Firearms licensing information should be closely safeguarded, says BASC’s director of firearms Bill Harriman – so why is the RSPCA allowed access to it?
The revelation by the Daily Telegraph that 10 police forces have signed confidential information sharing agreements with the RSPCA will come as a shock to most shooters. It is understood that the information that could be made available includes sensitive details taken from the National Firearms Licensing Management System (NFLMS).
The RSPCA has brought some high-profile private prosecutions in the past, including one against the Heythrop Hunt that landed the charity with a bill for legal costs of £326,000. As a matter of principle, I do not believe that private prosecutions should be allowed. While I don’t carry a brief for the Crown Prosecution Service, at least it is an official agency within the criminal justice system and must operate according to a transparent, public code of conduct. There are two stages in the process for the CPS to bring a prosecution: the evidential stage and the public interest stage. Both are objective, which means that before a case comes to court it must have demonstrable prospects for success and it must also be shown that it is in the public interest to bring it to court. From where I sit, the RSPCA has no such objectivity, and recent cases suggest that it appears to have a policy of prosecuting first and asking questions later.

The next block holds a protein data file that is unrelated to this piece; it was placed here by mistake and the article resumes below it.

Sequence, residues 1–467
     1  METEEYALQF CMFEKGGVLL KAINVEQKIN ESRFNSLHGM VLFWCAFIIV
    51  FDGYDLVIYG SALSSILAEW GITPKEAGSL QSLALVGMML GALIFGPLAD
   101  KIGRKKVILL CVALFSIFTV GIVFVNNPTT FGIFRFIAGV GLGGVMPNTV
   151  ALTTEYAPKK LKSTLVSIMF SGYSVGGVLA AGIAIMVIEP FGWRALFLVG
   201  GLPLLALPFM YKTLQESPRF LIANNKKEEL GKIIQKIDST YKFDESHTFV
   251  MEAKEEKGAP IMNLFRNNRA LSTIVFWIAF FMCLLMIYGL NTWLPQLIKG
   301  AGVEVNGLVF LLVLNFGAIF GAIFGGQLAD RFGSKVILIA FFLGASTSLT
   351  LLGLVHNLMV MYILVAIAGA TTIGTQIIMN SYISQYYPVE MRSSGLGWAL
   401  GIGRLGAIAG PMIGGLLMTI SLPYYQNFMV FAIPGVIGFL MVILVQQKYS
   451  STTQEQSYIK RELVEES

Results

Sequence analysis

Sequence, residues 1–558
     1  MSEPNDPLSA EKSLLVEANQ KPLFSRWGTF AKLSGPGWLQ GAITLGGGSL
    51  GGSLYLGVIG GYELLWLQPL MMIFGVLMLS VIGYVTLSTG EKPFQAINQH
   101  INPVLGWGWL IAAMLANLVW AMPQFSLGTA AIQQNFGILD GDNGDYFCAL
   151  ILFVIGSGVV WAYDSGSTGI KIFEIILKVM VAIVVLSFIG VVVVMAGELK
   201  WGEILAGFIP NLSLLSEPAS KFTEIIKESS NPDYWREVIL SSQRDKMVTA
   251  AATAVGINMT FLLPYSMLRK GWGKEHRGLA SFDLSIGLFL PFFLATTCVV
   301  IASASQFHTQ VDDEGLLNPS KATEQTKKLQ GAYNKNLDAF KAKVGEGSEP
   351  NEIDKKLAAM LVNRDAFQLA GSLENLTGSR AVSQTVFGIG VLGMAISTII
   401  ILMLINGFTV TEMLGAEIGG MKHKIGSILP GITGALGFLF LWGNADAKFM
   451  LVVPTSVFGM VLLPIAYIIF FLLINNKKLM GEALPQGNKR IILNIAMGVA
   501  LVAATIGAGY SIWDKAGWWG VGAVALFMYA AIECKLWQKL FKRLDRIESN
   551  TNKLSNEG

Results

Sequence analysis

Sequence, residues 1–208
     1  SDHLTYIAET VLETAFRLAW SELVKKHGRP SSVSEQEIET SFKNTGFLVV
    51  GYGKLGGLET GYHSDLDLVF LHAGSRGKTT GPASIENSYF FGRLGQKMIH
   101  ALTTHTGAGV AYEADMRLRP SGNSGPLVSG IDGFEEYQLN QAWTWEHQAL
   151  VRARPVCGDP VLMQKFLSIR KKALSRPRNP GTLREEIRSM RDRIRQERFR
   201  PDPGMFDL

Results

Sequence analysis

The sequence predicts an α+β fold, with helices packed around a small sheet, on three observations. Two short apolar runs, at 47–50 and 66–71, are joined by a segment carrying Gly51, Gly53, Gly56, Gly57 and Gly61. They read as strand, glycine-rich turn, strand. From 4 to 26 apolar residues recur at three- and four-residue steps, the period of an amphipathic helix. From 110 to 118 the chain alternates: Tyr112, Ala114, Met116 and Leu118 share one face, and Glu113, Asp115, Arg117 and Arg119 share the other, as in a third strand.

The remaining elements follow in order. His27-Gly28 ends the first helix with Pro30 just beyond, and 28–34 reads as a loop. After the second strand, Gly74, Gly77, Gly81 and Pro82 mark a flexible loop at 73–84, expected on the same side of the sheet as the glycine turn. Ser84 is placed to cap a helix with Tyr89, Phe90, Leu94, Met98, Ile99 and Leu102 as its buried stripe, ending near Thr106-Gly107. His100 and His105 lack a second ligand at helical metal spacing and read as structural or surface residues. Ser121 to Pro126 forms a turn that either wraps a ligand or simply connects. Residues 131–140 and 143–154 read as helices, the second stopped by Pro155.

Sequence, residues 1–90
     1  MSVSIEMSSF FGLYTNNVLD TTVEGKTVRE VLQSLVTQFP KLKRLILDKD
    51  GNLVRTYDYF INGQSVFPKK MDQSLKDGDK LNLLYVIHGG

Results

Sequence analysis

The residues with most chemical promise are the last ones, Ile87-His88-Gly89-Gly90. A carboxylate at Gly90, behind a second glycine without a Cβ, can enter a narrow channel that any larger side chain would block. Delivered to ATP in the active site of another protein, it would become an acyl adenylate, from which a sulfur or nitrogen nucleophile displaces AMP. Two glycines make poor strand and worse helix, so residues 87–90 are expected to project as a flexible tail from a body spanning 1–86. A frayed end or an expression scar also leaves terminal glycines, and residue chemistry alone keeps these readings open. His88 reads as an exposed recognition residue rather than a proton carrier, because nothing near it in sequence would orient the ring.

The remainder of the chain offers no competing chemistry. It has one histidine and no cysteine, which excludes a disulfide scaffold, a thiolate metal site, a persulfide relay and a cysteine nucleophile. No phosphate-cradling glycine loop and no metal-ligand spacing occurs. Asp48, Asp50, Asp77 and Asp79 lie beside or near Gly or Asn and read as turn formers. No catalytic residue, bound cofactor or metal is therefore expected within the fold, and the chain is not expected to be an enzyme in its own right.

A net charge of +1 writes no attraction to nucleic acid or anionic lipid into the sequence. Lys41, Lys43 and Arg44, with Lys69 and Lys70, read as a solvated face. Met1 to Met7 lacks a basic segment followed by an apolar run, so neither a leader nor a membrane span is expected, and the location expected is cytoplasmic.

Given this deplorable record in the courts, it is especially worrying that the RSPCA should be able to ask the police to supply personal details of certificate holders. This is sensitive, confidential information, which could have appalling consequences if misused. Certificate holders are always advised to take effective personal security measures and never to advertise the fact that they have guns in their homes. That is sensible and prudent. People who flash the cash too much invariably get blagged. The same applies to guns – if nobody knows you have them, they are less likely to be stolen.
I can remember when Lord Mackenzie of Framwellgate proposed that there should be a public register of everyone who had guns. His poorly considered proposal met with huge opposition, most it from his police colleagues who rightly said that such information should be confidential. Such a register would be tantamount to putting a big sign in your garden sayings “Guns stored here. Please help yourself.” Yet barely a decade later, we have the bizarre and worrying situation of 10 chief constables agreeing to hand out the same confidential information to an animal welfare charity that is not well-disposed to shooting.
I wonder what precautions the RSPCA has put in place to safeguard the data. What protocols are in place to prevent its misuse? We know that no system is 100 per cent secure and that there will be leakage, both inadvertent and – sometimes – deliberate. The consequences of such data escaping into criminal hands could have serious and possibly fatal repercussions. I think that it is reckless in the extreme for those 10 chief officers to have done this.
The personal details of firearm and shotgun certificate holders are sensitive and should only be revealed to other government agencies on a need to know basis. In my opinion, the RSPCA does not need to know.